Like so many churches these days, mine’s been on Zoom and Facebook Live for months. The VIDEO below shows a sermon I preached, online, in mid-June, focusing on three phrases to stop saying as we attempt to fight back against racism in the U.S. The three are in the text box to the left. As I have said over and over, Americans would rather talk about anything but race—anything—and these are perhaps the big three avoidance phrases of the many we use. Some are hostile, and profane, and ultra racist, but these three sound “noble.” I based most of this sermon on comments I made at the Laity Convocation of the United Methodist Church (Northern Illinois Conference) on February 8, 2020, weeks before the pandemic shut us down (or in), weeks before the murder of George Floyd. I’ve detailed them in “Unpacking Racism: “Noble” Sentiments That Keep Us From Talking About Race.”
The scripture for this sermon is Luke 6:32-33, Jesus’ conclusion to his announcing the “Golden Rule” and issuing three of his hardest challenges, which he links to that Rule: Love your enemies; Be kind to those who mistreat you; Turn the other cheek. One of these days I’ll explore that linkage, but this morning—though I said this was no time for sound bites—all I had time for were sound bites! So I focused on what Luke 6:32-33 implied about embracing our differences. We love to talk about “embracing our common humanity,” but that’s one of those feel-good things to say that usually doesn’t lead anywhere, largely because it’s practically impossible to do without first accepting our differences.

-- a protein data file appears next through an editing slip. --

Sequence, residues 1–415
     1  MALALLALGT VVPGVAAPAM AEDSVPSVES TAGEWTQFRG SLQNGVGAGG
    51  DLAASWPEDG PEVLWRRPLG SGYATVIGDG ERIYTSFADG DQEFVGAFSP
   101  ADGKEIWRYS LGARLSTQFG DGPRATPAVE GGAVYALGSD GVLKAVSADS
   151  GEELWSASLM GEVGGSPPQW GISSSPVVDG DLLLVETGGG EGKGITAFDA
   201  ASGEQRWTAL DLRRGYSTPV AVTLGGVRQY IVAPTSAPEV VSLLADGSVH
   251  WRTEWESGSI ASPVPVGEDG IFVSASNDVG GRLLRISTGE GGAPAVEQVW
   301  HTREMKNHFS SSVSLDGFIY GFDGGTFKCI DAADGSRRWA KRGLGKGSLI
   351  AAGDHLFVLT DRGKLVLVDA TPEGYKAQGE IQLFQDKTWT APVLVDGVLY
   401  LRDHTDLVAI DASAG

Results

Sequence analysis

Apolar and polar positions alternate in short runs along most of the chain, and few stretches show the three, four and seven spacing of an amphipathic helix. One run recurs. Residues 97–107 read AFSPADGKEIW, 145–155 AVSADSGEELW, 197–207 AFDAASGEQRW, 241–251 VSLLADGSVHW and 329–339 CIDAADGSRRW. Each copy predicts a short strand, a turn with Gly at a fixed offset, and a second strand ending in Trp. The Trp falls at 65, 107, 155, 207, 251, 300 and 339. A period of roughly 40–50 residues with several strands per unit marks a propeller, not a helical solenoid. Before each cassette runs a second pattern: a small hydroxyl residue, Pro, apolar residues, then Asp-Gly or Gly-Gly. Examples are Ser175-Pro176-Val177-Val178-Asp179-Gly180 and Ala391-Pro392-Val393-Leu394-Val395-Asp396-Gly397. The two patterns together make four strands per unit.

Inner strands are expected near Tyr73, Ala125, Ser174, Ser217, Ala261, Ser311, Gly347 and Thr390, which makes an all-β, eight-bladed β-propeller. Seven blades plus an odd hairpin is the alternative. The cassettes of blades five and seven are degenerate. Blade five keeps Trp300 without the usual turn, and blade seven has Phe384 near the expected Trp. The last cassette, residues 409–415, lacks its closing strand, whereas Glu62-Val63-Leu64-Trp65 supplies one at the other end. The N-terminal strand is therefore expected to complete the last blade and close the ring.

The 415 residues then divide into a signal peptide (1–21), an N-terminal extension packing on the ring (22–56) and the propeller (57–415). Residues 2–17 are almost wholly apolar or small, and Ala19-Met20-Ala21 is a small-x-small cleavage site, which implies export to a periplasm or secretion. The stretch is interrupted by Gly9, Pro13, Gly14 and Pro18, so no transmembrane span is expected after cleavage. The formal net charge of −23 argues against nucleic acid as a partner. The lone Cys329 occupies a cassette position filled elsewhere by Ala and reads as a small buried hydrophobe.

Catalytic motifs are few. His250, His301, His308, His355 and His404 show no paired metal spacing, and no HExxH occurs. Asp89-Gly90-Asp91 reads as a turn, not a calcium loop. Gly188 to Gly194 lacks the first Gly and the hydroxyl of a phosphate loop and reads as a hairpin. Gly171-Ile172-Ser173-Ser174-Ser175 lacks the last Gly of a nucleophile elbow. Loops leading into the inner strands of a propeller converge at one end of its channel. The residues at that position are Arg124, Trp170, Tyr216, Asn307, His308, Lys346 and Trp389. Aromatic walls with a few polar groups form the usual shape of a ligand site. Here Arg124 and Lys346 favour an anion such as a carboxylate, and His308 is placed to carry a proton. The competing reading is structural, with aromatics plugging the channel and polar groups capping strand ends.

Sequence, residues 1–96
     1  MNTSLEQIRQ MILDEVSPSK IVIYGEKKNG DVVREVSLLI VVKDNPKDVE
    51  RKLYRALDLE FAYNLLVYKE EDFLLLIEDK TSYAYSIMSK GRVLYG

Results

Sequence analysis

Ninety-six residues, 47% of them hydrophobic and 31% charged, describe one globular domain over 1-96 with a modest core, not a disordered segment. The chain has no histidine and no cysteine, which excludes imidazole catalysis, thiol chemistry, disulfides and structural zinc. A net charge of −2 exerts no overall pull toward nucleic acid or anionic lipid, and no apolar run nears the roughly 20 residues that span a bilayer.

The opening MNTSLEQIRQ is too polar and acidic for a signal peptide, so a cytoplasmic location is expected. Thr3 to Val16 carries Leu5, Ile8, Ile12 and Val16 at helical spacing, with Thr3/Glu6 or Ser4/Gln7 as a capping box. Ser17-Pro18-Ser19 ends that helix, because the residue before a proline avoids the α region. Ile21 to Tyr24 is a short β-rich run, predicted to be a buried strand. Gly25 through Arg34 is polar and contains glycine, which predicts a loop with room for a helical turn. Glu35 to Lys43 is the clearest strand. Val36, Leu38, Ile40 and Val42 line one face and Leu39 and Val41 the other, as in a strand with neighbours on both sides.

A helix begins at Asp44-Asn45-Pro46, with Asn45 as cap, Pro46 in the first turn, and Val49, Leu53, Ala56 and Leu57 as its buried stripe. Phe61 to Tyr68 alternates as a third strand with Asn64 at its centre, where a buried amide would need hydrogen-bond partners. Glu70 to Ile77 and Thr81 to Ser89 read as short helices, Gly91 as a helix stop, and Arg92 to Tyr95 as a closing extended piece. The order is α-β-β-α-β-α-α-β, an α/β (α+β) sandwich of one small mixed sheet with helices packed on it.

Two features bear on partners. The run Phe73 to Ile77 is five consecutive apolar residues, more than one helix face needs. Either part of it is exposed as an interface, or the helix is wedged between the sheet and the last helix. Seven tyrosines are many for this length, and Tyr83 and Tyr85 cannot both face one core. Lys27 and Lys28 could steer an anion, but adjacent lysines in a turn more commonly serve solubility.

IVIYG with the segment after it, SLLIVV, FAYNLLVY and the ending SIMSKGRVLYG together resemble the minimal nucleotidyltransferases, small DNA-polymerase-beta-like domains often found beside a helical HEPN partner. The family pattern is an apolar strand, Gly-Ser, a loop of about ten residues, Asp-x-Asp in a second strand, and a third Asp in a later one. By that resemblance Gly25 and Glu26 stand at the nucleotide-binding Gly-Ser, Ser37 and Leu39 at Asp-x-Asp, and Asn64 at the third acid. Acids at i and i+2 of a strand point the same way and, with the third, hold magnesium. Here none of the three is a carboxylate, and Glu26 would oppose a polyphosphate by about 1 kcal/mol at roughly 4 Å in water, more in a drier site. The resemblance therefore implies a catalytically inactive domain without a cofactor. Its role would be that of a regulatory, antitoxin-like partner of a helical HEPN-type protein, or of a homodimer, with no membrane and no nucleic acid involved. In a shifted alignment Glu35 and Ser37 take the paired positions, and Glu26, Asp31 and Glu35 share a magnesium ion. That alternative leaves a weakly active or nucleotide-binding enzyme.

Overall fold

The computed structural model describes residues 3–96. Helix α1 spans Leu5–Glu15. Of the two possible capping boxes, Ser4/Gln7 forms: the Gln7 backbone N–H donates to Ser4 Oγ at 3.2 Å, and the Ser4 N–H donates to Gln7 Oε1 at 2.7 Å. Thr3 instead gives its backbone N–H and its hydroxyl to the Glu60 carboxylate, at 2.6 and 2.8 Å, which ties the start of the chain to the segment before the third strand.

My 9-year-old grand daughter Grace makes a quick appearance. I’ve been saying a lot lately that IF we work hard to fight racism, we may see a less racist U.S. in 40 to 100 years. Afterwards, several people stayed on line to talk about what I had said. Gene Paquette, husband of the woman who read the scripture (she goes by “Muffy”) said that it was hard to hear that timeline: 40 to 100 years. I always capitalize and bold that IF. In “Walmart, Pence, and Politics As Usual” I commented on what so far is not a lot to show, policy-wise, for all the protests we’ve had. Even IF we manage to start seeing a significant turnaround in the shortest time I’ve envisioned, 40 years, Grace will be nearly 50. I won’t see it, but hoping she and other young grand kids do, that should keep all of us working hard.